Learning to make adjustments and find the good
By Caitlin Hall, Contributing Writer
After we received the announcement that our schools are closed until August, I was completely broken-hearted. I miss my kids. I wanted to see my seniors graduate, harass them at prom as the super uncool chaperone, and have the opportunity to tell my kids goodbye before summer. I, like many others, didn’t get that chance.
Frustrated, I did the only thing I knew to do to take my mind off this horrible news. I dug up a briar bush in the backyard. Turns out Spirit had a lesson to teach me. What I thought was a no-good briar bush, was a neglected rose bush. What I thought was a crappy situation, was an opportunity to make adjustments and find the good.
Yes, things are super crappy right now. Teachers are worried about their kids. Kids are missing their friends, teachers, and routines. Seniors are missing out on their senior year. But, what if this is an opportunity for us to make adjustments and learn how to be there and nurture each other in our hour of need? What if, like this rose bush, we will ultimately thrive when we adjust our mindsets?
Wayne Dyer said, “If you change the way you look at things, the things you look at change.”
Right now it seems like the world is crashing down around us with no end in sight. It is frustrating; it is heartbreaking, and it makes us sad for our kids. When we continue to look at what is happening in the world around us with negative eyes, we become enveloped in the negativity.
I have tried to kill that rose bush for two years. The thorny mess from being neglected for over a decade left no trace of the once beautiful rose bush inside. All I saw was a scourge on my backyard, a plant that made my landscaping plans more difficult. The thorns were sharp, the branches unruly, and it did not fit into my plans.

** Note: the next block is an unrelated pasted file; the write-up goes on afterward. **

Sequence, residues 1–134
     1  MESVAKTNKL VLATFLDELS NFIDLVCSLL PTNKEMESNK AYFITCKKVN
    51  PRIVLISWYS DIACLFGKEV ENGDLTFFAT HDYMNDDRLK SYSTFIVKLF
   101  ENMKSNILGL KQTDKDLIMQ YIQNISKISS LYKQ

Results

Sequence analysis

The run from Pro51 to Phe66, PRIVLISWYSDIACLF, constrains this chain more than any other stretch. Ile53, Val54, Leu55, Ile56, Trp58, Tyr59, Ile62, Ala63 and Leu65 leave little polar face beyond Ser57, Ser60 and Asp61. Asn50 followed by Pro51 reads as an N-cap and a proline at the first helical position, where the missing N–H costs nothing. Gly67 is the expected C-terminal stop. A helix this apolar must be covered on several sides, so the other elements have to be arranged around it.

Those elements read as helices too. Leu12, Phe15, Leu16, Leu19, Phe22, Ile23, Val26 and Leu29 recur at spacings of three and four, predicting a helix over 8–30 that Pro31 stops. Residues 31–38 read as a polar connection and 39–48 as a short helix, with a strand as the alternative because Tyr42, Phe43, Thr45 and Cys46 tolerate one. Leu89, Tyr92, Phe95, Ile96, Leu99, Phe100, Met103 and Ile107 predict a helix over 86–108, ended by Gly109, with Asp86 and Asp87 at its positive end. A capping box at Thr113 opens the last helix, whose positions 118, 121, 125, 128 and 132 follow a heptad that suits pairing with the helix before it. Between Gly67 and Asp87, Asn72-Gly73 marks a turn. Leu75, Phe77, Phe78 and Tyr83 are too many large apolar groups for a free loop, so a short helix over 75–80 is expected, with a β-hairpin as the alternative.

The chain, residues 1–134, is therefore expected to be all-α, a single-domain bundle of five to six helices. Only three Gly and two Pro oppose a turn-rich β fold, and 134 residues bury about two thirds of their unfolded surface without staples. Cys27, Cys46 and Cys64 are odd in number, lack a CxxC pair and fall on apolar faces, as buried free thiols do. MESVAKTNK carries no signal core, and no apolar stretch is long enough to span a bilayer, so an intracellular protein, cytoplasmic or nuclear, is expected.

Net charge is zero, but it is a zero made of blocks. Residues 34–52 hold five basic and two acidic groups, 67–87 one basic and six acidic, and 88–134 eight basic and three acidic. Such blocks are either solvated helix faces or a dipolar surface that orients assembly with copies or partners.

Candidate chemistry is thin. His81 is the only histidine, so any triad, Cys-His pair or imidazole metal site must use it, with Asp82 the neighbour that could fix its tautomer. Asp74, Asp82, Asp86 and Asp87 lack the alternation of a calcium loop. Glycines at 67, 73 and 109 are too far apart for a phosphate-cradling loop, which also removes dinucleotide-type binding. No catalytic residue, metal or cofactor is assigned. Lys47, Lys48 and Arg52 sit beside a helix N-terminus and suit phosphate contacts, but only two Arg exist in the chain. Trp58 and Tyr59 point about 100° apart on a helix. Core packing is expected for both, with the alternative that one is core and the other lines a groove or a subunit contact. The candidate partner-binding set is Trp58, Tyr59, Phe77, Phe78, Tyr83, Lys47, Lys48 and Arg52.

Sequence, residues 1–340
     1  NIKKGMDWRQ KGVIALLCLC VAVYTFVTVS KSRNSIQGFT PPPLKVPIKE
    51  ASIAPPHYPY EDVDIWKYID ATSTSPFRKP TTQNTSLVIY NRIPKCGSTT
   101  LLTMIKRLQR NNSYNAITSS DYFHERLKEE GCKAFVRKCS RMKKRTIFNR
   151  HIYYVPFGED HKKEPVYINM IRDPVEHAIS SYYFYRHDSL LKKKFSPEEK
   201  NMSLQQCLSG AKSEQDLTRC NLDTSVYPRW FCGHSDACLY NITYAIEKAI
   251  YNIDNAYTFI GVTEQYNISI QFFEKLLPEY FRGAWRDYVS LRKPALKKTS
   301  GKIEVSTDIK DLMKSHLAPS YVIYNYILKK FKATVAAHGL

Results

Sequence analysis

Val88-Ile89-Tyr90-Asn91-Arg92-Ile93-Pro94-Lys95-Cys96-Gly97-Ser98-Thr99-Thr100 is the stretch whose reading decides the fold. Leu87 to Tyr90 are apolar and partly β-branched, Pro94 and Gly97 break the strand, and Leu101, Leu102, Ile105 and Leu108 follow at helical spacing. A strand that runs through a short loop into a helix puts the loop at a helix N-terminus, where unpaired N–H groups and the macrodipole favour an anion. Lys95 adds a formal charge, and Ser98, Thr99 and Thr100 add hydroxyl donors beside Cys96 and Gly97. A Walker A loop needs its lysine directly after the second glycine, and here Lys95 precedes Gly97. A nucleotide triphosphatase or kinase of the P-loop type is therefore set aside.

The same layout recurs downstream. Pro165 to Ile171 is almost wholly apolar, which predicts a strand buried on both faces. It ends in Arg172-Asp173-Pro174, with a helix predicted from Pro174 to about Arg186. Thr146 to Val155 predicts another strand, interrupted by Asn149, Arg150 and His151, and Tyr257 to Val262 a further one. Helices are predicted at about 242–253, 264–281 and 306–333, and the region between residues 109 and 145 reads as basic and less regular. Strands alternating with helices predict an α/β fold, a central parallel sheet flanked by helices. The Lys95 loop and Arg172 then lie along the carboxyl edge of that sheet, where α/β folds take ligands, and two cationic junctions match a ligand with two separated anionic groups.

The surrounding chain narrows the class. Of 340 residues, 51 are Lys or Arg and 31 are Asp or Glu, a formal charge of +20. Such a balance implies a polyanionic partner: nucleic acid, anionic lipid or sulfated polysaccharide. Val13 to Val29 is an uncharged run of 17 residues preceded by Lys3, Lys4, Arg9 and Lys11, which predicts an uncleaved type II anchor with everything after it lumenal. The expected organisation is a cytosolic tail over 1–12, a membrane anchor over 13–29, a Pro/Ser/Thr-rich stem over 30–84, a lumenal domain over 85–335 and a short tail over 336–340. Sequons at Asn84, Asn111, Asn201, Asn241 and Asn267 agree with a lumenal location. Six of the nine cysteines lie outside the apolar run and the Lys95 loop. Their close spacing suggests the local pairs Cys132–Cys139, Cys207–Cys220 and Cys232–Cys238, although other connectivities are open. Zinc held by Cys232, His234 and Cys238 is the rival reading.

When plans change, shift your mindset
As teachers, we have some sort of plan for how we are going to pace the year. We have these plans on Google calendars or fancy planners. We plan for disruptions and the need to be flexible, but for the most part, we have a plan. We are in a situation right now where all our hard work and plans need to be reevaluated and adjusted. For some, we are not knowledgeable about e-learning and how to make it work for our students. For most, we are worried about our kids who need our love and support the most.
When I finally dug out my neglected rose bush and realized what blessing I had in front of me the whole time, my mindset changed. I began to look at my landscaping situation with different eyes. I now had an opportunity to learn something new, use my new knowledge to provide care for a neglected plant, and watch that plant flourish and bloom under my care.
Look for the positive
Our students and our jobs as educators are no different than what I learned from my rose bush. When we shift our mindset away from the negative, we see we have a unique opportunity to learn, adjust, and grow. Our mindset shift will have a lasting impact on our students who will then blossom through our adjusted ways to nurture them in their time of need.
I encourage you to stay positive. Use your shifted mindset to learn new ways to connect with your students. Nurture your growth during this time so you are better able to nurture your students. Growth is not always pretty, but if you embrace the change and keep a positive mindset your growth will allow your students to bloom in a period of uncertainty.